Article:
Category Archives: Farming

Food, farming and biodiversity

It was great to see an extended piece on Channel 4 news tonight about biodiversity and farming and biodiversity. They even showed a UK farmer using regenerative agriculture techniques seeding directly into the ground without ploughing up the last crop. The farmer was very enthusiastic about the quality of his soil saying it was like crumbly fruit cake.

Then there was the Derbyshire Farm that has been trialling wildflower strips and a short piece with Rosemary Furness who wants to make linked wildlife corridors.

It was all good but what irked me was some of the commentary at the beginning that implied that farmers grubbed out hedges to make higher profits. Let us get this straight, they were encouraged to ‘modernise’ to increase output by government as part of the never-ending quest for the cheapest possible food.

Farmers are not like other businesses producing items to sell on the open market for the best possible price. Instead they are contracted to supermarkets to supply a certain quantity of produce when the retailers demand it. If demand drops or the retailer finds a cheaper source, wants a loss leader or to have a 2 for 1 offer, the farmer pays.  If they fail to do what the supermarket requires, they lose the contract.

The blame for biodiversity loss should not be shouldered by farmers alone as successive governments have been more than happy to divest control of the food supply to the nine supermarkets that supply 90% of food in the UK. The idea that the overriding criteria for ‘good’ food is price and price alone drives biodiversity loss.

What needs to change is the whole food supply chain from the way food is grown to the way it is sold to what we eat.  If we want more biodiversity and a more stable eco system then we, as consumers need to take responsibility for the food choices we make. We need to change the way we eat, see food as more than just pit stops to fill the tank and realise that our health is directly linked to the health of the planet that sustains us.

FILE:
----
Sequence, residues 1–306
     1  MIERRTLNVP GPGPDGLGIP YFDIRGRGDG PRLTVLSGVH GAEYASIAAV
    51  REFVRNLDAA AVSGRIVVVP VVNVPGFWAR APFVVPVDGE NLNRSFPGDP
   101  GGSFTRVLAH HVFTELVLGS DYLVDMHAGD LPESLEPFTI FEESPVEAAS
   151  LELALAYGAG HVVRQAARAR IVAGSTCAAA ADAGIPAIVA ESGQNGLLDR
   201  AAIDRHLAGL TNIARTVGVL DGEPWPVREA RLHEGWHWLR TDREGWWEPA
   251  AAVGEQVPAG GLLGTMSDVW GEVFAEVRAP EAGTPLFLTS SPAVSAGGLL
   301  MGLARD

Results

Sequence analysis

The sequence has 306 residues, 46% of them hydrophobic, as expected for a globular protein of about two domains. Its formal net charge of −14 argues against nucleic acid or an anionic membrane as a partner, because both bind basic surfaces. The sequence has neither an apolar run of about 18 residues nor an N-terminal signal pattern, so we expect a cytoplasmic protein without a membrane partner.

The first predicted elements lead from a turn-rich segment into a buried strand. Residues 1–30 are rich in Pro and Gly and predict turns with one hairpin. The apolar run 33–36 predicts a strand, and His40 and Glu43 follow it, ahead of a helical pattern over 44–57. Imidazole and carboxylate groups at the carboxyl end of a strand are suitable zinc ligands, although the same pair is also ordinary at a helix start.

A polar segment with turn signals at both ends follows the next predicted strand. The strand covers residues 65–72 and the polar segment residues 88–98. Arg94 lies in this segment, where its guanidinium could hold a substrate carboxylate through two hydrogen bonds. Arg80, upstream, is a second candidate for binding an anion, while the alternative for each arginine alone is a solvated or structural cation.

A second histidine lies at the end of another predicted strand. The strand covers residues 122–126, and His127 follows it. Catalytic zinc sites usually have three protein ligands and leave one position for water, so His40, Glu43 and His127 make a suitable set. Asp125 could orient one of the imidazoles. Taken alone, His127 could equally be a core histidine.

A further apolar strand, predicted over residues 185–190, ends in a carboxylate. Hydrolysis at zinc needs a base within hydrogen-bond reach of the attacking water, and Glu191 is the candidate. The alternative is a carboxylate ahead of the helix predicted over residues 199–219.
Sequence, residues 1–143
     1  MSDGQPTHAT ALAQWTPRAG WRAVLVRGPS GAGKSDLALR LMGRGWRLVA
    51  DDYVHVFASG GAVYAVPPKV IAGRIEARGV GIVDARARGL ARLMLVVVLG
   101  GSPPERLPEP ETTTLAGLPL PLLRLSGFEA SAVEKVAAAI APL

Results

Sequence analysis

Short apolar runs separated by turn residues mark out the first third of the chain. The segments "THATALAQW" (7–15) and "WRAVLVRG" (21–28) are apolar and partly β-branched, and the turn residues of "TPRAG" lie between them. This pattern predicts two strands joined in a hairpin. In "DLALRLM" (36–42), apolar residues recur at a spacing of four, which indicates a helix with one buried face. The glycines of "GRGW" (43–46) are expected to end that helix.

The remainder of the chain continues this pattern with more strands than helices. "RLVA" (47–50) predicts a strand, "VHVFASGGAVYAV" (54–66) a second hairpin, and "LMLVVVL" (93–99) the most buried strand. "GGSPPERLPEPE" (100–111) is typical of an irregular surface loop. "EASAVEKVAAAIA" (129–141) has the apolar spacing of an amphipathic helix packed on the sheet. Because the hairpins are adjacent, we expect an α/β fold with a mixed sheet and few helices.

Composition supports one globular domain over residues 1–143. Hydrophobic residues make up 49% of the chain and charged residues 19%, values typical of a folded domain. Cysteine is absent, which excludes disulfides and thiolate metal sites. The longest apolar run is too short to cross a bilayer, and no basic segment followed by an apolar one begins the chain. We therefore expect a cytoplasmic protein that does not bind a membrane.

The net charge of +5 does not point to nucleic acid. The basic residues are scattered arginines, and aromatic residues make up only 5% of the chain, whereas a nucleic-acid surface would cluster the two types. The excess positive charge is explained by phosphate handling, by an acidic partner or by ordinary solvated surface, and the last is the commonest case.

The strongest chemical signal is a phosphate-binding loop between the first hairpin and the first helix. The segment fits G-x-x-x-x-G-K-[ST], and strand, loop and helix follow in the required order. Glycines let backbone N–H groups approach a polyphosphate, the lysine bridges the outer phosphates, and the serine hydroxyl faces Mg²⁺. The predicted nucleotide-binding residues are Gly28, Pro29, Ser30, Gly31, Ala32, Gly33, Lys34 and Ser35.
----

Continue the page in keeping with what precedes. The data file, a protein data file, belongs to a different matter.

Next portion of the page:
“English Pastoral: An Inheritance” James Rebanks

The new book by James Rebanks could not have come at a better time. Consumerism is killing us and destroying the land that feeds us. The never ending supply of cheap food available at any time of the day is taken for granted. We have become blind to the realities of food production and care little for those that feed us.

Growing up in a farming community meant we knew a lot about where food comes from. The secondary school in the village had a large garden which was used for horticulture lessons and to supply the school kitchen. That is now a new and novel idea but it was part of our life.

My father was a farmer before war took him away from the land. He was full of rural knowledge and in the 1950s and 1960s he grew food for the family and for sale at the gate. He kept a pig, raised hens from incubated eggs and had some vicious geese.  From an early age we had an intimate knowledge of where food came from.

We also knew about the realities of farming, it was hard work and often cold and dirty. When I went to work in the big city a colleague asked me where I was from. When I told him his retort was “you’re a clod, why have you come here taking our jobs, you should be working on a farm.” Now 50 years later I agree, he was right.

In his new book James Rebanks says that consumerism dictates the way we farm. It is clear that the majority see only a rural idyll in all its fictional glory. Land is now about recreation, day trips to breath fresh air and picnic in the fields with a portable barbecue and ready meals.

A review “English Pastoral: An inheritance”  in The Guardian  sums up what has happened:

“By becoming slaves to consumerism and “strangers to the fields that feed us”, we’re part of the problem. He bangs out statistics to prove the point. Half of our milk is now produced from cows that live permanently indoors. Half of our hedgerows have disappeared since the second world war. And we’re so addicted to cheap food, however dubiously produced, that we spend only a third as much on it as people did in the 1950s. ”

When the never-ending supply of cheap, environmentally destructive food stops things will change. Let’s hope it is not too late.